Isn’t the Christian life about getting better? And in the meantime, what am I supposed to do with all my stuff? I’ve been a Christian now for years. By this stage I should be jumping the toadstools of suffering and going straight to the next level. In reality I’m looking at my toes instead of planting churches. I’m not taking new ground – I’m crying out for help to stand.
The Christian life – my Christian life – does not look the way I imagined. I knew I needed help – but I thought I could do some of it myself. And I knew there’d be death at the start of it – but not every day. So. Either I’m thinking about this wrong – or I’m living a lie. The question is, which?
What I’m wrestling with is something other Christians have thought about too. Luther, for one. It’s the difference between a theology of glory and a theology of the cross.
A theology of glory sees suffering as a painful detour that we just need to move past. The cross is a means to an end: like Jesus giving us a leg up and leaving us to run the rest. We’re saved because Jesus zaps us and we know we’re saved because we struggle less. We can say with confidence, ‘I’m getting better all the time.’
This is lovely if you get zapped. But what if you don’t? What if you’re still struggling with issues that don’t seem to go away? What if instead of getting better, you feel more and more aware of your own mess? Suddenly what seemed to be good news becomes very bad news instead – because there’s a kingdom of shiny happy Christians and you’re not in it.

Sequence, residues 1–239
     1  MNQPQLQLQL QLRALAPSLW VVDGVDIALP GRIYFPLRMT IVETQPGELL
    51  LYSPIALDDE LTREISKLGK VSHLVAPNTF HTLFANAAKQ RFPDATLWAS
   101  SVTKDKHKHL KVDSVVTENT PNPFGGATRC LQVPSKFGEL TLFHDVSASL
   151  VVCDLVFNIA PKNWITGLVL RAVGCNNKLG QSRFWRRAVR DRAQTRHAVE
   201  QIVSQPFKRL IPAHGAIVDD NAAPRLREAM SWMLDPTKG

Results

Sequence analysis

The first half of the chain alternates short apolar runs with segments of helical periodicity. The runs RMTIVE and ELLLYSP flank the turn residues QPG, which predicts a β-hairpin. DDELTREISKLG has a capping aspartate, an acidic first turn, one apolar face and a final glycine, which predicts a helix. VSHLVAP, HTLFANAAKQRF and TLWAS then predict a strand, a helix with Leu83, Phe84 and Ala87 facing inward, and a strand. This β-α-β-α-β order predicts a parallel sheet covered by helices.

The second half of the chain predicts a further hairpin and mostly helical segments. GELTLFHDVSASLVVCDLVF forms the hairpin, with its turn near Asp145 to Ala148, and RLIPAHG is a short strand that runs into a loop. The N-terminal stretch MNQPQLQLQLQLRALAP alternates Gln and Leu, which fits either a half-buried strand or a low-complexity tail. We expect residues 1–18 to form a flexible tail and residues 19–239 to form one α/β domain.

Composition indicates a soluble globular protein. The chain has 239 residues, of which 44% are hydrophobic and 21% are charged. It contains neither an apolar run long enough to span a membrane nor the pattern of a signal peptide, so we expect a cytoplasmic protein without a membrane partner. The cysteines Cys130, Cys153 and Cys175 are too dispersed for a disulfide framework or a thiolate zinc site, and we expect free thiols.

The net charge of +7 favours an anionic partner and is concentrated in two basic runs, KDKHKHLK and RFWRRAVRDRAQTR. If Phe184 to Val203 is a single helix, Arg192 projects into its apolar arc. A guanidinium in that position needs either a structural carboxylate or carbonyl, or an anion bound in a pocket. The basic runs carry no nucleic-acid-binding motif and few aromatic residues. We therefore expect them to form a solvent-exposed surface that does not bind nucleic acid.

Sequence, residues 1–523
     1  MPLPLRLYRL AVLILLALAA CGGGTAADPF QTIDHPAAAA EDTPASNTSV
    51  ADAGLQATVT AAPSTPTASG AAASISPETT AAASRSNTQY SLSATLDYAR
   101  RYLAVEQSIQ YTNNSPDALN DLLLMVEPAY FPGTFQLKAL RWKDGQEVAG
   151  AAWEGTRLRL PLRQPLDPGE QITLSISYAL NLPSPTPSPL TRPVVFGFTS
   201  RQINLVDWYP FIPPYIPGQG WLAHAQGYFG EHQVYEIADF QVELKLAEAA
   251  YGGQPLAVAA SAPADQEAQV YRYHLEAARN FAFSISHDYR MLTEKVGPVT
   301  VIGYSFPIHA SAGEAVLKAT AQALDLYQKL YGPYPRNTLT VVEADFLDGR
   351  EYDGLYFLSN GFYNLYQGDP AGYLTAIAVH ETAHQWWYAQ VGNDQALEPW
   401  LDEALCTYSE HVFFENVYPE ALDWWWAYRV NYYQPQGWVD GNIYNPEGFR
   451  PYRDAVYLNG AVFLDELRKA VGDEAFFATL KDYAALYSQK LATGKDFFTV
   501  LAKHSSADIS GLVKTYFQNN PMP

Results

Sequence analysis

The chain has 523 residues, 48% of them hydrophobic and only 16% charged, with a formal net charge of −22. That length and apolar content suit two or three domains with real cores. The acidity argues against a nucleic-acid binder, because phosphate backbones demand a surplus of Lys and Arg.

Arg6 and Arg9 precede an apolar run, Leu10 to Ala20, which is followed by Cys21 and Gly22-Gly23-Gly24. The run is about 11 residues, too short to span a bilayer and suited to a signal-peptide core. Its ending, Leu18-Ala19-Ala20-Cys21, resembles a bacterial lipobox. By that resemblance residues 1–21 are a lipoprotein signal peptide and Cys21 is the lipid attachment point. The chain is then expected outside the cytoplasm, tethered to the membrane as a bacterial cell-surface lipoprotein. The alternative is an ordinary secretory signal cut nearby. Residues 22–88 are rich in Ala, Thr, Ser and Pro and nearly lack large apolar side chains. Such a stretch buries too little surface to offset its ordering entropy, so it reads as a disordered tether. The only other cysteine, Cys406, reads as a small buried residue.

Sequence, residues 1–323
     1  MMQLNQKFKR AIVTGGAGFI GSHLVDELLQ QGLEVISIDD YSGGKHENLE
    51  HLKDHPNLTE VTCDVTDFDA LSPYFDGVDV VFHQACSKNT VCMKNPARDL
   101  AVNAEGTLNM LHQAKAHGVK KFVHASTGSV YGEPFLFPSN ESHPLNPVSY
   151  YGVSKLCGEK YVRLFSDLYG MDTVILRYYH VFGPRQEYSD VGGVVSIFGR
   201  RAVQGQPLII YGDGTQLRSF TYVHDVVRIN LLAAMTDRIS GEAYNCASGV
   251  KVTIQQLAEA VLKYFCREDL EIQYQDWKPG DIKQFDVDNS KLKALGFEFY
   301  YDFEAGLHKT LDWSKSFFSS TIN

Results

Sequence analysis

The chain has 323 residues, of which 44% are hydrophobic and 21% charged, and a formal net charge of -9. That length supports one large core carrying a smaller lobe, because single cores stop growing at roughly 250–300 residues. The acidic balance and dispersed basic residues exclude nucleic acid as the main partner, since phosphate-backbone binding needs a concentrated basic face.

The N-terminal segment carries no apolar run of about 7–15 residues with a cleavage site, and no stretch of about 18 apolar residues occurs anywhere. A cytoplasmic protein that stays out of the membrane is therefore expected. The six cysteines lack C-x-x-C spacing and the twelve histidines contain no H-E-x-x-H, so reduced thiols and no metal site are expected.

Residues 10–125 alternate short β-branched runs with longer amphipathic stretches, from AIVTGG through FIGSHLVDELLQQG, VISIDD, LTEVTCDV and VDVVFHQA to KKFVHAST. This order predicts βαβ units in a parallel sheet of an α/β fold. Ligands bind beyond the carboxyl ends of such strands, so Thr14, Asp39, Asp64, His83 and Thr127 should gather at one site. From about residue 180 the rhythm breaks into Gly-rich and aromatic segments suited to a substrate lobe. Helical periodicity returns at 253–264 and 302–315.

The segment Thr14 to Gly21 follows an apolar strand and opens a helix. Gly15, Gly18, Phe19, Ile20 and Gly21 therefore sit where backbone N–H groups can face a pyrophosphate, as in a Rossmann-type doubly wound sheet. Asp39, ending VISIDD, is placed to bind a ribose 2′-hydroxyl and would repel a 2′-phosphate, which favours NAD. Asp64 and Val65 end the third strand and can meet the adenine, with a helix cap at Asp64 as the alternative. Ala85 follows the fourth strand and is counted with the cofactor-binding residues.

A theology of the cross is very different. The cross here is everything and not just as an unavoidable detour or a fix-it. Because this is where the action happens and this is where Jesus shows up.
A theology of the cross means that we don’t always get zapped. We struggle and yet that’s good, because Jesus is with us. It’s not about self-reliance; but neither is it the despair of misery for its own sake. It’s the hope we don’t expect. Strength that looks like weakness. Life that looks like death. A hero who DIES. And yet – this is The Plan. The cross is a picture of who God actually is and how He actually loves us. Through suffering. And dependence. And mess.
So when I wake up and I can’t do it I don’t despair. If Jesus is the God of the cross, then maybe this is the right place.
For more on theology of the cross, have a read HERE.